Questions and answers from May's webinar

The following are questions by topic asked from the registration and during the Water Engagement Roundup webinar recorded on 19 May 2021.

Stakeholder engagement

Q. Last time I asked about DPIE policy staff being more accessible ie. through Water NSW CAG Murray.

A. Water Group representatives regularly attend WaterNSW Customer Advisory Group (CAG) meetings.

On request, the Water Group can provide policy staff and subject matter experts to attend a WaterNSW CAG meeting to address regionally specific issues. For example, subject matter experts recently attended to give an update on IPART pricing.

The next Murray-Lower Darling CAG meeting is scheduled for 27 July 2021.

Greater Sydney Water Strategy

Q. Any idea when the metropolitan water strategies are coming out for consultation?

A. The draft Metropolitan Water Sharing Plans, including the Draft Greater Metropolitan Region Groundwater Sources and the Draft Greater Metropolitan Region Unregulated River Water Sources water sharing plans, are expected to be on public exhibition in May 2022. It is anticipated that they will be finalised in December 2022.

The Draft Greater Sydney Water Strategy is currently being developed and public consultation is expected to occur in the second half of 2021.

During public exhibition, the department will consult with the community and stakeholders, providing an opportunity for submissions about the draft plans. Information about upcoming engagement activities and consultations is shared on the department’s stakeholder engagement webpage.

You can also subscribe to receive updates from the Water division.

Australian Competition and Consumer Commission (ACCC) Water markets

Q. Concerning the current ACCC inquiry on water markets, in the ‘have your say’ questionnaires is there a section we can submit a small document?

A. The Water Group is currently considering submissions received from the ACCC Murray Darling Basin water markets inquiry and preparing a ‘what we heard’ document.

Documents or further enquiries can be sent to: watermarkets@dpie.nsw.gov.au

Information on the ACCC’s role in water is available on the ACCC's website.

Regional Water Strategies

Q. Murray regional water strategy: is this to determine [which] flow rates are being proposed through the area, ie under SDLAM/CMS ie. part of the regional water strategy?

A. The Murray Regional Water Strategy will not determine flow rates for projects within the NSW Constraints Measures Program (CMP). The most recent projects announced as part of the Sustainable Diversion Limit Adjustment Mechanism (SDLAM) acceleration package, particular to the CMP, do not come with a predetermined flow rate for the Murray River. These are considerations that will be developed collaboratively with stakeholders, working in partnership to investigate a variety of flow regimes and infrastructure solutions that minimise impacts whilst maximising benefits to local communities and the environment.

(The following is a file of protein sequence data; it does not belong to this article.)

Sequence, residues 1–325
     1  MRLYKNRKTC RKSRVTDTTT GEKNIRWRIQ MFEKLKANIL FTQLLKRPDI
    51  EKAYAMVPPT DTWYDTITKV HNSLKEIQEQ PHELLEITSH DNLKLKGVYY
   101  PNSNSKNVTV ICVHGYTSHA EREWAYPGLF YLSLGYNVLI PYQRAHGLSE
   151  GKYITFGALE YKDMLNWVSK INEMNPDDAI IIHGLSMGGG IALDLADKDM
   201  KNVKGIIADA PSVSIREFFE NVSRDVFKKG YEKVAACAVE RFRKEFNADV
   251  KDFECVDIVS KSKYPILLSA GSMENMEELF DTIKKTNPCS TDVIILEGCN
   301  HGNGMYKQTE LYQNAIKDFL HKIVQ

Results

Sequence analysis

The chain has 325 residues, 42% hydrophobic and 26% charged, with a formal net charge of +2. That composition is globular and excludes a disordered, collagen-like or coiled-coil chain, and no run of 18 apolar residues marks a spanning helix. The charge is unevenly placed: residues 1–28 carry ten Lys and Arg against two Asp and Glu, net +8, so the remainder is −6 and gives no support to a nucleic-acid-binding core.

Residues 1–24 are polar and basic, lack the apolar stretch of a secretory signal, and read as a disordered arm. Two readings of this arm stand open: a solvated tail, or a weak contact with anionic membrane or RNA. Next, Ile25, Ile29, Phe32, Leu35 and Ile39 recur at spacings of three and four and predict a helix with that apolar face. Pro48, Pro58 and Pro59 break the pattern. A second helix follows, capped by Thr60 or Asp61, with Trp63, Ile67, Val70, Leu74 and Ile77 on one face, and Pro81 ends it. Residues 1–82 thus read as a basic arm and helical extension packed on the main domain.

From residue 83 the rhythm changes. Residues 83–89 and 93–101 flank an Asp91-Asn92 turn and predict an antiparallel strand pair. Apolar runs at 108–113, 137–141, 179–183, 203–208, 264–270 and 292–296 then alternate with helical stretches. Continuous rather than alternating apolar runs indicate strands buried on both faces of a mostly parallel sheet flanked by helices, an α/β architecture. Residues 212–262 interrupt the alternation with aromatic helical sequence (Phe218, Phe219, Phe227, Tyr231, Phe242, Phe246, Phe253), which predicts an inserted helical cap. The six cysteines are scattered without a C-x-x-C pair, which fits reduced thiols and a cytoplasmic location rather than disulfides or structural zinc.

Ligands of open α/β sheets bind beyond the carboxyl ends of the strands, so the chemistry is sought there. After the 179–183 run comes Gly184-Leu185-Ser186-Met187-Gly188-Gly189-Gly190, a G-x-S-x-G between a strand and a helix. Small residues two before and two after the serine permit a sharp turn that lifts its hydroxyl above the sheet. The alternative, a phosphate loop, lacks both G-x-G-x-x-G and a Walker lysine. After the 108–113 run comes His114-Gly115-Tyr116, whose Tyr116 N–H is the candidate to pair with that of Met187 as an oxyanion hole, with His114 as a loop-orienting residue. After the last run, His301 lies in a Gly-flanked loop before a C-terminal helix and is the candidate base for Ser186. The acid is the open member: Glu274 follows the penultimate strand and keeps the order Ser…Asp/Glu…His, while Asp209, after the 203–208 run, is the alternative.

The Murray Regional Water Strategy will set out a long-term roadmap of actions to deliver resilient water resources for towns and communities, Aboriginal communities, the environment and industry. The strategy provides an opportunity to explore how to complement the CMP and SDLAM projects to help deliver improved water management outcomes in the Murray region.

The Murray-Darling Basin Authority (MDBA) has developed the Constraints Management Strategy (CMS) to manage constraints. In response to this strategy, the NSW CMP will determine impacts of increased flow rates required to deliver environmental water, negotiate preferred risk mitigation options with impacted landholders, and deliver on ground works to mitigate risks and remove constraints.

More information

The Sustainable Diversion Limit Adjustment Mechanism (SDLAM) Acceleration Program 

Q.  [Re] Minister Pavey’s announcement of accelerat[ion of] SDL projects, can NSW advise what [is the] flow rates position of NSW Govt on the Murray River under SDLAM/CMS?

A. In April 2021, the NSW and Federal governments agreed to bring forward the funding and delivery of five key SDLAM projects through the NSW SDLAM Acceleration Program, by June 2024.

We are committed to working with communities to better understand the opportunities and benefits these projects can bring, along with concerns people may have about their impacts.

The most recent projects announced as part of the SDLAM acceleration package, particular to the NSW Constraints Measures Program (CMP), do not come with a predetermined flow rate for the Murray River. These are considerations that will be developed collaboratively with stakeholders, working in partnership to investigate a variety of flow regimes and infrastructure solutions that minimise impacts whilst maximising benefits to local communities and the environment.